Six days shall work be done: but the seventh day is the sabbath of rest, an holy convocation; you shall do no work therein…
We are reminded of -
I. ITS ORIGIN IN EARLIEST HUMAN HISTORY. "The seventh day is the sabbath of rest" (see Genesis 2:2, 3).
II. THE SPECIAL OBLIGATION RESTING ON ISRAEL, AS A REDEEMED PEOPLE, TO OBSERVE IT. "The Lord thy God brought thee out thence... therefore the Lord thy God commanded thee to keep the sabbath day" (Deuteronomy 5:15). We, also, as those redeemed at far greater cost, may feel ourselves on this ground constrained to observe it.
III. ITS PLACE IN THE PROPHETIC TESTIMONY. It is deeply significant that the prophets, who were the rebukers of mere ritualism and the advocates of the moral and spiritual elements in religion, should have given so high a place as they did to the observance of the sabbath (see Isaiah 1:10-15, comp. with Isaiah 56:2 and Isaiah 58:13, 14).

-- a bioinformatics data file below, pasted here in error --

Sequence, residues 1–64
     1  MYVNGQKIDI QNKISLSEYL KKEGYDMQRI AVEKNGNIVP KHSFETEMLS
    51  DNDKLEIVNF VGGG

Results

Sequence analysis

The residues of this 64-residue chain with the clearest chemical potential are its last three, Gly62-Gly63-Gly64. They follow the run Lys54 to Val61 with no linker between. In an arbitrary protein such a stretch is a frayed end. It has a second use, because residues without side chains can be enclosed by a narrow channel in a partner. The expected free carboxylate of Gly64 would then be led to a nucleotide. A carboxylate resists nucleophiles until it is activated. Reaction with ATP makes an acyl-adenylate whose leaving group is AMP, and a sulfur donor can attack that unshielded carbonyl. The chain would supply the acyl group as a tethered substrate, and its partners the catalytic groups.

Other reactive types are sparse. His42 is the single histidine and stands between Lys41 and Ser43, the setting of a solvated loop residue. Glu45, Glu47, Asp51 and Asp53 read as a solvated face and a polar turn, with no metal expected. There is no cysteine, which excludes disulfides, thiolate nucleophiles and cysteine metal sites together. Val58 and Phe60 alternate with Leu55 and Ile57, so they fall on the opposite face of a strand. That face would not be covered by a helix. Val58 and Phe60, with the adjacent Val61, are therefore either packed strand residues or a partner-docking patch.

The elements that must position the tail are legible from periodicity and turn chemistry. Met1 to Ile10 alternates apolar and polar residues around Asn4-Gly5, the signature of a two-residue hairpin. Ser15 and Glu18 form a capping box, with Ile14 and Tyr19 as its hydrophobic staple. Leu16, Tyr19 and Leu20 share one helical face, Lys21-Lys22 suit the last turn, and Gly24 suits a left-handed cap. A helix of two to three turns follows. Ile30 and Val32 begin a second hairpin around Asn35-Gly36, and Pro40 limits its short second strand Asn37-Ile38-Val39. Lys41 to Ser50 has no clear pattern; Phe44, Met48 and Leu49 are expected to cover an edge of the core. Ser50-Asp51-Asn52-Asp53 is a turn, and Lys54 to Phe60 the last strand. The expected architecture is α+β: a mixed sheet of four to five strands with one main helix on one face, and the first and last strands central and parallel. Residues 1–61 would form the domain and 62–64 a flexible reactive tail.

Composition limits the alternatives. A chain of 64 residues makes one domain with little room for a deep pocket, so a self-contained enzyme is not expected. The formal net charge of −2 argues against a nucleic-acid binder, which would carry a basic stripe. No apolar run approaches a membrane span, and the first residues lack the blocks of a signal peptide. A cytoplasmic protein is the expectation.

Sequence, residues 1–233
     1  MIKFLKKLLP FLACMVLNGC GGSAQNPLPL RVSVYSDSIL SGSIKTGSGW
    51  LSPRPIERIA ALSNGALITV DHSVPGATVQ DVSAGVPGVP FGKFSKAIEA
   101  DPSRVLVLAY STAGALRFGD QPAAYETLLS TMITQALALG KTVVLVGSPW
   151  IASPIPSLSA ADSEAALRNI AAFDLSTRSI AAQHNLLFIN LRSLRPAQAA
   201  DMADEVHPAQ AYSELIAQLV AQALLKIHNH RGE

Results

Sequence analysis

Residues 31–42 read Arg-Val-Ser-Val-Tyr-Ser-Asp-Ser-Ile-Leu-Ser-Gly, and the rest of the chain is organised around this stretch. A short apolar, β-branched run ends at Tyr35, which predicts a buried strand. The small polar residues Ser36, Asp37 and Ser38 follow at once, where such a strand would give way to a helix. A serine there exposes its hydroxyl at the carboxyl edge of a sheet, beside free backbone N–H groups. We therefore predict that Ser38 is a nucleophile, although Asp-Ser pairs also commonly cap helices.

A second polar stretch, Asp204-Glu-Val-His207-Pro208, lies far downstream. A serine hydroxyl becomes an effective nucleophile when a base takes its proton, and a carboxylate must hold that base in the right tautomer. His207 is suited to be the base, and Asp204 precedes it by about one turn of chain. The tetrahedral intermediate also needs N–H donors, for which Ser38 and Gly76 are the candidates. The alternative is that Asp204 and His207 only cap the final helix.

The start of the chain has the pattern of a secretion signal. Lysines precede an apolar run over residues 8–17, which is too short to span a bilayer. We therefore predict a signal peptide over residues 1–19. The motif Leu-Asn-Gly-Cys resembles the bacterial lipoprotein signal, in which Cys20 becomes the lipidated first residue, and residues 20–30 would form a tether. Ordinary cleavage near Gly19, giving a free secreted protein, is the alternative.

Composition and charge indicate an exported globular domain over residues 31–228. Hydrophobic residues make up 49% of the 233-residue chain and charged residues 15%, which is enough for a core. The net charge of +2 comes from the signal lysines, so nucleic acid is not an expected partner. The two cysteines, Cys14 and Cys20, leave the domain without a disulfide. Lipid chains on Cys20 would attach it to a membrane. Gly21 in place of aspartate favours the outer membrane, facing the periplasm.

IV. ITS CHRISTIAN ASPECT.
1. It commemorates the greatest fact in human history the resurrection of our Lord. The crowning act of redemption is more to us than the crowning act of creation.
2. Its obligation rests not on any one positive precept, but on the known will of Christ.
3. It meets the two great wants of man - his bodily and his spiritual requirements.
4. It is to be observed:
(1) in the Church, - it is to be "an holy convocation;"
(2) in the home, - "in all your dwellings." As individual souls we shall seek to honour our Lord and gain access of spiritual strength in the sanctuary; as parents we shall do our best to make the sabbath a holy, happy, welcome day to the children in our homes. - C.
Parallel VersesKJV: Six days shall work be done: but the seventh day is the sabbath of rest, an holy convocation; ye shall do no work therein: it is the sabbath of the LORD in all your dwellings.